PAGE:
In his iPad Design Headaches: Take Two Tablets, Call Me in the Morning presentation at Design for Mobile in Chicago IL, Josh Clark outlined common iPad design issues and ways to address them. Here's my notes from his talk:
- While there is an impending avalanche of tablets from Android and Microsoft coming, Apple is currently the leader and defining the interaction conventions on tablets –so it makes sense to focus on the iPad for design considerations.
- The iPad is a new platform with new ergonomics and new contexts. We are in the very early days of figuring out how to design for it. Anyone who is trying to do so now is breaking new ground and likely trying some things that won’t work.
- The resting heart rate of an iPad user is low. Mobile phone users are on the go, distracted, and in hectic environmnets. The iPad is more likely to be used on the couch, in the bedroom or the kitchen. Picking up the device actually encourages people to go and sit on the couch to use it. The iPad is more about thinking (planning and consuming) than working.
- Designers should plan for a low resting heart rate in apps too. BUT—also optimize for quick sprints. Don’t think you have escaped the constraints of one app at a time.
- What are the common interface maladies on the iPad now? Greedy pixel syndrome, media hypertrophy, the frakeninterface, popover pox, and iPad elbow
Greedy Pixel Syndrome
- The iPad has a bigger display. So it is very tempting to gobble up the full screen with pixels. iPhone developers want to add things. Desktop designers believe more things will fit.
- We should strive for thoughtfulness and design in software because of the leisure and contemplative context of iPad use.
- Complexity gives our designs meaning and interest. Complexity should not be complex. They are not the same thing.
- Think relaxed with your design cause that’s likely what your user is.
- Prescription: big chunky elements, generous space, clarity trumps density, tap quality trumps tap quantity.
- An overdeveloped set of media interactions. Going too far with dynamic unconventional interfaces can actually upstage content. The content should define the app not the technology.
- A cinematic experience can help put the focus on the content if designed well.
- The original New York Times iPad app did not look like the newspaper but as they went through the design process, a printed newspaper model for the interface became the right UI.
- Old interface conventions are not old fashioned. People like clear reading experiences. Familiarly and warmth are important in touch devices because intimacy is a bigger part of the device experience.
- Familiarity and intimacy invite touch. People get personally attached to mobile products. The apps we put on our home pages say a lot about us and our personalities.
- Emotional connotations from actual objects help communicate affordances and create a personal connection. Aim for subtle details that make things feel familiar.
- Prescriptions: feature content over interface; honor overall brand identity; old and tested interface ideas are not old fashioned; ask –is it easier to use or just richer?
- An app’s visual design uses one metaphor but the interaction design uses another.
- Example: the Apple Calendar app does not allow you swipe pages even though it looks like it should.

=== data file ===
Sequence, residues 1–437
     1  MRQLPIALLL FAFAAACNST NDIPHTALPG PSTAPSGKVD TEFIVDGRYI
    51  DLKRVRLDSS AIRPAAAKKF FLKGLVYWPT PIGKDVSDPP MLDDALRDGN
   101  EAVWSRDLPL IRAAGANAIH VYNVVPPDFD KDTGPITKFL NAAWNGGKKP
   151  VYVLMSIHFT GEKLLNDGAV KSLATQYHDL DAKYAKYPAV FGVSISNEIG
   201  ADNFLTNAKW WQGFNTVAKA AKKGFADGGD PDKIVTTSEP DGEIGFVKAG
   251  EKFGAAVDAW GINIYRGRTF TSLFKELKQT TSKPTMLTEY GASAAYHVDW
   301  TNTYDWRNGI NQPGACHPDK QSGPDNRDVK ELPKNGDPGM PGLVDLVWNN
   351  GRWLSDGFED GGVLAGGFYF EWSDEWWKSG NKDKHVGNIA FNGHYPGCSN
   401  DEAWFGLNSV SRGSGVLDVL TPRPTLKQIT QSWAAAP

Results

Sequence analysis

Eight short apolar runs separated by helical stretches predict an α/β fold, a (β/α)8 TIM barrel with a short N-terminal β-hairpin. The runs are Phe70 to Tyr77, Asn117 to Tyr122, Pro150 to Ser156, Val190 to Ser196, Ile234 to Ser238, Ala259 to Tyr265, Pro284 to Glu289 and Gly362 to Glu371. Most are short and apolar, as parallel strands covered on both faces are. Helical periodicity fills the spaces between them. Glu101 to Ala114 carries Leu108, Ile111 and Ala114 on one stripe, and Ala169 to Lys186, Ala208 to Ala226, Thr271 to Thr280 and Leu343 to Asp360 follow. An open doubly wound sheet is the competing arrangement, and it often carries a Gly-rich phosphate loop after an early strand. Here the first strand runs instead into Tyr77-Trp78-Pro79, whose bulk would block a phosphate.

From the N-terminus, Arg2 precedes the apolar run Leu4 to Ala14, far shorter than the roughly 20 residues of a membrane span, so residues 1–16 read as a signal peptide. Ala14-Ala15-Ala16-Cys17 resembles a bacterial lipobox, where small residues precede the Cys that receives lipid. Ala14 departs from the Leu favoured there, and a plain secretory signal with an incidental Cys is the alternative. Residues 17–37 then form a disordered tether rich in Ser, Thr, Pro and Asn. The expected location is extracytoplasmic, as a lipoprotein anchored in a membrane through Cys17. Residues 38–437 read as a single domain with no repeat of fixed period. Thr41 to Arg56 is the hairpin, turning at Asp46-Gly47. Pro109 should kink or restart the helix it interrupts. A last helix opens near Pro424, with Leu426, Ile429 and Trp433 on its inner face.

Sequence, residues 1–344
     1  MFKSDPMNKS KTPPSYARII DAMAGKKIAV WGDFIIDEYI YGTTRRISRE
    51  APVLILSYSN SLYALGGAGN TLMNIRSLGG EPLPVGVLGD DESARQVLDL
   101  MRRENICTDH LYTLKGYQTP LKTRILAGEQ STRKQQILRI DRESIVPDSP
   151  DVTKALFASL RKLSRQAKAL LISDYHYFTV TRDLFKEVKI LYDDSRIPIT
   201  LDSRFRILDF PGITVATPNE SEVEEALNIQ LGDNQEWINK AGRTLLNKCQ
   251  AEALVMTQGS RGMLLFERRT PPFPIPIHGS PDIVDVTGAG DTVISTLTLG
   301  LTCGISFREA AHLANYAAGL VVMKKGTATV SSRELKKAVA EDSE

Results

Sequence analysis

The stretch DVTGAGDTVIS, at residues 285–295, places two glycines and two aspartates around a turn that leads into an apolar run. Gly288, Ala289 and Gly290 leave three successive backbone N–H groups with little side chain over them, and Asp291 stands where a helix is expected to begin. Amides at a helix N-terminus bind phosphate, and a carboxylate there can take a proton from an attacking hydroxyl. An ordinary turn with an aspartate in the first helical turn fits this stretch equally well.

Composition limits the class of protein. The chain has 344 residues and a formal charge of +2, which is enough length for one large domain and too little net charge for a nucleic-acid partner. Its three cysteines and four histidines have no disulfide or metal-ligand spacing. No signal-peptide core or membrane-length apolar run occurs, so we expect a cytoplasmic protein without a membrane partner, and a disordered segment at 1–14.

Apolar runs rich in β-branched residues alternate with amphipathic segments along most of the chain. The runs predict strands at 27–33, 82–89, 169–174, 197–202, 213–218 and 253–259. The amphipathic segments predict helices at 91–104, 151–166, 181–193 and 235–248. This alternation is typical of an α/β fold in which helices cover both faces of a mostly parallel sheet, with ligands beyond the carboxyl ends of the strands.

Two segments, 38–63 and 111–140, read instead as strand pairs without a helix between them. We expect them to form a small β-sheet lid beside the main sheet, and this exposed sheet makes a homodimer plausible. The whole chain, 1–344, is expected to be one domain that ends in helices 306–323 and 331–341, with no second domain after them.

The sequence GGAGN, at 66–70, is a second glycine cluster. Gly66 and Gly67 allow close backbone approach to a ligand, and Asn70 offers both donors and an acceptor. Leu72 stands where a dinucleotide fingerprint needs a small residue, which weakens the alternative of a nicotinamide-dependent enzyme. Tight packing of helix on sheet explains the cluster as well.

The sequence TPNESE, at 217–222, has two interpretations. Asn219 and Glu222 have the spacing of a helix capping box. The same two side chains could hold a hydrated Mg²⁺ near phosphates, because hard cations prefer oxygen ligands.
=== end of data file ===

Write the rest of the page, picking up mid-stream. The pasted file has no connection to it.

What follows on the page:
- The worst place for controls on the iPad is at the bottom of the screen – they are often too small and far away to hit. These controls often run into user’s belly’s when using the iPad.
- Interface metaphors should suggest how you use an app. Desktop metaphors fight more bold touch-based designs.
- Don’t mix metaphors. The tablet is an awesome bastard child of a lot of different things: computer, books, etc. Need to pick one route and stick to it.
- Teach people to use and touch rather than lean on tired and true UI chrome like menus and buttons.
- Prescription: Avoid mixed metaphors, love the one (metaphor) you’re with, provide touch cues and hints, don’t abandon digital advantages
- Popover Pox is when popover menus gradually spread all over your iPad interface.
- The popover menu is the right click of the iPad. You can use iPhone views in iPad popovers so many developers do. It’s easy to get into a situation where you force users to explore too many layers within little popover menus.
- Use popovers to act on content and quick peeks but avoid using them for extensive exploration.
- The iPad back button in the upper left corner requires a lot of work. Buttons are a hack –not a direct interaction. Because you are touching something indirectly (button vs. content). Buttons do not create intimacy.
- What are opportunities to eliminate chrome in touch interfaces? You can’t rely on gestures alone.
- On the iPhone, primary controls should go in the thumb zone on the bottom left. Secondary controls go on the right. This does not apply to the iPad because you can’t predict where someone’s thumbs and fingers will be.
- The phone flips conventions and puts controls on the bottom. The iPad puts them back on top. For landscape orientation, put controls on the left. 85-90% of audience is right-handed.
- Prescriptions: Seek alternatives for buttons, use larger swaths of the screen for actions, put controls at top and left, avoid popovers for exploration and navigation
- Explore the possibility of multi-touch gestures. The phone is really single touch (tap & drag). The iPad enables multi-touch –you have to use it with two hands unless you put it on a surface.
- Think of multi-touch interactions like keyboard shortcuts –ways for expert/involved users to get things done faster.
- No conventions really exist for multi-touch interactions.
- Uzu has ten modes one for each finger. App chrome could be removed –could be thought of a keyboard shortcuts.
- Prescription: keyboard shortcuts, let people play with your app, experiment, talk, and share, embrace multi-touch for models